In all types of asylum, immigration or human rights applications, you will need evidence to support your application. What is good evidence?
Over the last decade, drastic legal aid cuts have left many to navigate the asylum and immigration system unrepresented. Last week, there was some rare good news when the government announced that separated children would once again get legal aid for immigration and citizenship issues.
This week, we have launched a new and improved section of the Right to Remain Toolkit.
The “If You Have Children in the UK” – previously called “rights of the child”, looks at applying for the right to remain in the UK as the parent of a child who may have the right to remain.
We are proud to be part of this short film from Child Migrant Stories, now available on YouTube.
Child Migrants Welcome? explores the welcome received by unaccompanied child refugees both historically under the Kindertransport scheme before World War Two and today.
Last week, the Court of Appeal made a very important judgement on the Home Office’s policy on deciding the age of young people seeking asylum – also known as “age assessments”.
New updated leaflet from the brilliant Project for the Registration of Children as British Citizens on children and their rights to British citizenship – for parents, carers and children.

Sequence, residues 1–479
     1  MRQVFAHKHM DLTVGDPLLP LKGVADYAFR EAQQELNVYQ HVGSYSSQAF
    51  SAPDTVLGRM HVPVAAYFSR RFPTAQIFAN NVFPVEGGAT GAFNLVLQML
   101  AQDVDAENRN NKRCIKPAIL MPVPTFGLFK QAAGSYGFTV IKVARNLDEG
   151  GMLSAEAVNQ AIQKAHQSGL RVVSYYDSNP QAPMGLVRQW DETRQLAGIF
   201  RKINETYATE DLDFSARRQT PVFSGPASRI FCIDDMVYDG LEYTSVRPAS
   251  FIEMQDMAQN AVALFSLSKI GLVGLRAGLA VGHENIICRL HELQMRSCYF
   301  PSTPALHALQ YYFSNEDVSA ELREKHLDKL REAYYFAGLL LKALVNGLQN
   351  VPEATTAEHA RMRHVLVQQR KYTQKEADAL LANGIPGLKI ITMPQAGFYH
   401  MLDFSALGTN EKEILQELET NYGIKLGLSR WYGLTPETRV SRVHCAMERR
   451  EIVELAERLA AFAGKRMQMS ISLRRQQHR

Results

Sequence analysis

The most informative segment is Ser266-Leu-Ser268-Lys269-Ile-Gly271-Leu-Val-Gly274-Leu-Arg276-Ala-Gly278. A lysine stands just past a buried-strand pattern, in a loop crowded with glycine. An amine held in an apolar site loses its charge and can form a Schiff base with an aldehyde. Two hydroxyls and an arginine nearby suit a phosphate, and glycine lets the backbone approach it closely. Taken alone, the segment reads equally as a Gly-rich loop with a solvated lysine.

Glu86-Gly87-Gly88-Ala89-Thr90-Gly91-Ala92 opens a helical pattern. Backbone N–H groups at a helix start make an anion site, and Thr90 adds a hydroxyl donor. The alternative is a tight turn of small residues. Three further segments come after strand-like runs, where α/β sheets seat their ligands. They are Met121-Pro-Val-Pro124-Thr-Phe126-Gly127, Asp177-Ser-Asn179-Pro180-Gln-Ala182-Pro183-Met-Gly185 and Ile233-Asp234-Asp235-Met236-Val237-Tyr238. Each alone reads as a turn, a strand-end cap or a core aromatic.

The guide was created in partnership with families who access Hackney Migration Centre, and Project 17, Akwaaba, Nelma, Migrants Rights Network and Together With Migrant Children.
At one of the training sessions we ran this week with volunteers who are keen to learn more and do more for people seeking the right to remain in the UK – we looked at evidence. What ‘evidence’ means, in the context of asylum, immigration and human rights cases. How someone can get this evidence, and how others can help them. We discussed how important documentary evidence is, when so many legal cases are refused on the basis of credibility – the Home Office or the courts don’t believe you are telling the truth.
In January 2018, the provisions of the 2016 Immigration Act regarding immigration bail came into force.
This changed the situation for people applying for immigration bail in order to be released from detention.
The changes also mean that the status of “temporary admission” no longer exists. From now on, any migrant lawfully in the UK without leave to remain (including asylum seekers) is technically on immigration bail.
This is very confusing, and is also now having an additional effect on people trying to access education while they seek the right to remain in the UK.
The Guardian newspaper reported this weekend on a distressing story of three children aged eight, six and five, who were taken into care when the Home Office detained their father, Kenneth Oranyendu.
The three children, and the children’s mother, are British citizens. Their mother is currently in Nigeria, attending a family funeral. Mr Oranyendu does not currently have the right to remain in the UK, and the Home Office is attempting to deport him from the UK (he has completed a three-year criminal sentence).